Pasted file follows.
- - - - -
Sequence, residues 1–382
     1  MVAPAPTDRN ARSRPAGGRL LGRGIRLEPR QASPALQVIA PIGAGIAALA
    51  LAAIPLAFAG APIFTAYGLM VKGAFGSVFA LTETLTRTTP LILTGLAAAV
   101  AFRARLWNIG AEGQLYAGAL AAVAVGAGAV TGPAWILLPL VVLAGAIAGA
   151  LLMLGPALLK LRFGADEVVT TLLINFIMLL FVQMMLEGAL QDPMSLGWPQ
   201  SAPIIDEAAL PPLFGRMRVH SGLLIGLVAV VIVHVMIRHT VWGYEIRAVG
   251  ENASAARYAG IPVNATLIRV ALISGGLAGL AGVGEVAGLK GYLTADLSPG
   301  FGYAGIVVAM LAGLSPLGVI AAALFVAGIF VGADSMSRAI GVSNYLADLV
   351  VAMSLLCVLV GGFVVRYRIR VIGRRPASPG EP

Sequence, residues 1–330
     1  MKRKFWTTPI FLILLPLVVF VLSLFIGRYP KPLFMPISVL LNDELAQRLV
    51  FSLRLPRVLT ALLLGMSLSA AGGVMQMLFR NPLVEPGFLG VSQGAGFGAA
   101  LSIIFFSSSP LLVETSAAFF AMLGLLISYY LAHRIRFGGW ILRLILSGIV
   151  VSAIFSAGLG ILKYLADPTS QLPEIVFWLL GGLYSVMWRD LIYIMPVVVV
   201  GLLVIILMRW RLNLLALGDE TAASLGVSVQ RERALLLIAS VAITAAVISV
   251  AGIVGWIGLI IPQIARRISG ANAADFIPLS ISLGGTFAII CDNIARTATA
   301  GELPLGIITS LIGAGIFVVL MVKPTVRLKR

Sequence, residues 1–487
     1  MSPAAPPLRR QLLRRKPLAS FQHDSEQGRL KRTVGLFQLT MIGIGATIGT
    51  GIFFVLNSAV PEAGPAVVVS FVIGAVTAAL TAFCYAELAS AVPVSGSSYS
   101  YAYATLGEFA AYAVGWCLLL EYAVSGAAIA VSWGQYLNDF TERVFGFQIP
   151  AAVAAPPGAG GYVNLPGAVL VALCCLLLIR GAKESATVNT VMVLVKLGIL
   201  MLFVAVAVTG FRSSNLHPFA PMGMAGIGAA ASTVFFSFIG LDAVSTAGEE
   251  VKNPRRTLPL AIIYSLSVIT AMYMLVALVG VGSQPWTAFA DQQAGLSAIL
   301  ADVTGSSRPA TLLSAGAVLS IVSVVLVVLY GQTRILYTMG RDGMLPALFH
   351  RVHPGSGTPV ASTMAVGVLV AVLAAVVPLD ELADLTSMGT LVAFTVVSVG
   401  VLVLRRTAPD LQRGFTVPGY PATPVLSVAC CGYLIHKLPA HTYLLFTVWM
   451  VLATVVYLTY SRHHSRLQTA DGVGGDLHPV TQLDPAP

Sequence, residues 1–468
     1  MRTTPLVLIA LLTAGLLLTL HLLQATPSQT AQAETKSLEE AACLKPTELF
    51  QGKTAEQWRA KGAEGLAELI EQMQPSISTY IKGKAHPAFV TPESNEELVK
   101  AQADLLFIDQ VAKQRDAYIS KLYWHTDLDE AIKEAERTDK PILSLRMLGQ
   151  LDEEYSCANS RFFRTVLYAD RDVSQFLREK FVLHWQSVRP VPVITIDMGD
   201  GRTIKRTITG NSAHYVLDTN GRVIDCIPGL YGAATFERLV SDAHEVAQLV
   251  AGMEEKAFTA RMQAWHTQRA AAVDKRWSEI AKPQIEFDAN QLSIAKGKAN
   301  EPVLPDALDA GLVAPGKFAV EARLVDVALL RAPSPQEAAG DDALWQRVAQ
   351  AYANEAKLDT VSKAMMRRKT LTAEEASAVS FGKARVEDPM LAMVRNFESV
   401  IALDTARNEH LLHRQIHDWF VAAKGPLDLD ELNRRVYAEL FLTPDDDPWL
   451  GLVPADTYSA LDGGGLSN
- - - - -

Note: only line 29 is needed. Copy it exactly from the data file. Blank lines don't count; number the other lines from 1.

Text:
Sequence, residues 1–468